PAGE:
- Created on Monday, 26 September 2011 23:40
- Written by Dave Asmar
- Category: Travel Tips
Istanbul is the largest city in Turkey housing a population of approximately 13 million people which makes it practically one of the largest cities in Europe and Asia Minor. The city sits on both Asia and Europe and that makes it the only city that is located on two continents. Istanbul used to be the capital to Byzantine Empire until it was conquered by Ottomans in 1453. The date is considered in modern history to be the end of middle Ages. The modern day city is very different than what is used to be and witnessed a lot of changes and challenges since the end of the Ottoman Empire during the beginning of 20th Century. Because of its perfect location, Istanbul throughout centuries has never lost its important status as a port of commerce and a cultural center. With Turkey’s economy emerging again due to the latest reforms in the last years, the city has again started showing progress in going back to its glamorous days. Istanbul is 1 of the 9 candidates for the upcoming 2012 Summer Olympics and it also hosts a lot of different international conferences and exhibitions throughout the year.
Istanbul has a well-established transportation network with bus routes reaching almost every wherein the city, trains from both Asia and Europe making it into downtown, various sizes of boats and ferries cruising along the coast of Bosporus, a new and fast subway although it only serves a route with limited stations. Yellow cabs are easy to find almost everywhere in the city and they are not expensive at all. Taxis all charge according to a standard a meter and it doesn’t cost much to ride cabs around the city unless the distance is really long. But, some cab drivers are known to turn the ride into a thrill or a race which is not really fun unless you are missing your flight or in any kind of other emergency. Tipping is not needed at the cabs but you can round up the fee to the next Turkish Lira. You do not necessarily have to leave any extra cash after that. The speed of traffic, however, is likely to slow down a lot or almost stop at many intersections during the rush hours. The city center, however, has a lot to offer so this could be the ideal time of the day to take a walk around and discover the city.
On most of the popular routes, it is possible to take a shared cab which is named by locals as ‘Dolmus”. They are a little larger than regular taxis and they look like vans that can accommodate a total of 8 people including the driver. These automobiles are also yellow in color. The sign on the top of these autos reads ‘Dolmus” instead of “Taksi”. While some models might accommodate less people, most of them have a seating capacity of up to 8 people and they all charge a flat fee along the route depending on the distance. You can take the city boat or the ferry to ply over the Bosporus strait going all directions from Europe to Asia or the other way around. One of the best options to explore Istanbul is to do so-on water. That is a sight where you have the advantage of paying nothing more than a regular transportation charge. For a quick trip from the European side, just jump on a ferry to Uskudar and you will be back in an hour or quicker.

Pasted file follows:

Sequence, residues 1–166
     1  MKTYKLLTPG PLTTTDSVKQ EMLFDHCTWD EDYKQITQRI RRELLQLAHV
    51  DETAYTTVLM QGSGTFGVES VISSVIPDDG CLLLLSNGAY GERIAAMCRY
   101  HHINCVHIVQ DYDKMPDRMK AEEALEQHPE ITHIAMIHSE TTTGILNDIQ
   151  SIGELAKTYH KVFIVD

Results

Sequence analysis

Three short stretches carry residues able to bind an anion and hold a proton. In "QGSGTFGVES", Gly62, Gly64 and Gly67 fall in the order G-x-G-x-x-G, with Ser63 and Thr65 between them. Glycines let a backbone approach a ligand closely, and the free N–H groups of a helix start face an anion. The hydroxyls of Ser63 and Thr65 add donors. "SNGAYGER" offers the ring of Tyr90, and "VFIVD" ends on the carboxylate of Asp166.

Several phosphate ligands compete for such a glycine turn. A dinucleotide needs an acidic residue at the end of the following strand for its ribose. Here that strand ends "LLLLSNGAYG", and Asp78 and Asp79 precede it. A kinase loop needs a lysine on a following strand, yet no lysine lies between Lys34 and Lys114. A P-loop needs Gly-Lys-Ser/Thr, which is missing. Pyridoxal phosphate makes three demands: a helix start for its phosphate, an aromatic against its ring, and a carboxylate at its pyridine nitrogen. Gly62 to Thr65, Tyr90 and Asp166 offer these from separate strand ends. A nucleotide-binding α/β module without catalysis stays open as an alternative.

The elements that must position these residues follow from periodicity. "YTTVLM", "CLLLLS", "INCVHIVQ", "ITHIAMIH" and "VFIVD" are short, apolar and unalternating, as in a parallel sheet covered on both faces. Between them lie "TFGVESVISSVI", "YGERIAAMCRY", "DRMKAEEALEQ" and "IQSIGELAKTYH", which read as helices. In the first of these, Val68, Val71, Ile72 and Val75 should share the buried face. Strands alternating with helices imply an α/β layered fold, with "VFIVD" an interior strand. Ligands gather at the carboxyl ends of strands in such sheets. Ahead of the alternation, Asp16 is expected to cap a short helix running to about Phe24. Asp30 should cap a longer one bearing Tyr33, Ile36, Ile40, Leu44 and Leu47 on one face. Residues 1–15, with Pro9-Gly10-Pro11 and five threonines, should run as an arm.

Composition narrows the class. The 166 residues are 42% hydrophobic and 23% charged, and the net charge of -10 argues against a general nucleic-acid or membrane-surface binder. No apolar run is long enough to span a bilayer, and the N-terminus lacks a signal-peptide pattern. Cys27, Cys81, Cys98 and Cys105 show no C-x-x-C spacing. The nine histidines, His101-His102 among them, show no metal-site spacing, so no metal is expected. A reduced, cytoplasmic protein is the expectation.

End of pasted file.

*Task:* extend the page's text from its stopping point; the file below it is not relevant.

If you are planning on using the public transportation network, you are advised to purchase “akbil” which is a pre-paid electronic chip embedded on a plastic similar to a key fob. Akbil users both save up to 20% of the total transportation costs and are also eligible to take free extension trips with other vehicles in the city network as long as both trips are within a limited period of time.
You can use the pre-paid credit on “Akbil” and you will have access to city’s entire public transportation network with just a tap on the turnstiles. At all times, there is a direct bus service between the two airports of Istanbul and the Taksim Square. Taksim is the center of the transportation network, with buses, subways and dolmus' coming in from various destinations all around the city. Taksim central bus stop and the central metro station is only a couple of minutes from the infamous Taksim Square.
Notable places to visit in the Istanbul include the Hagia Sophia, Leanders Tower, Topkapi Palace, Blue Mosque and Yerebatan Cistern. Most of these historic sites are located in the old Istanbul part of the city and long term parking garages are available in this part of the city for those interested in parking their car for short to longer periods.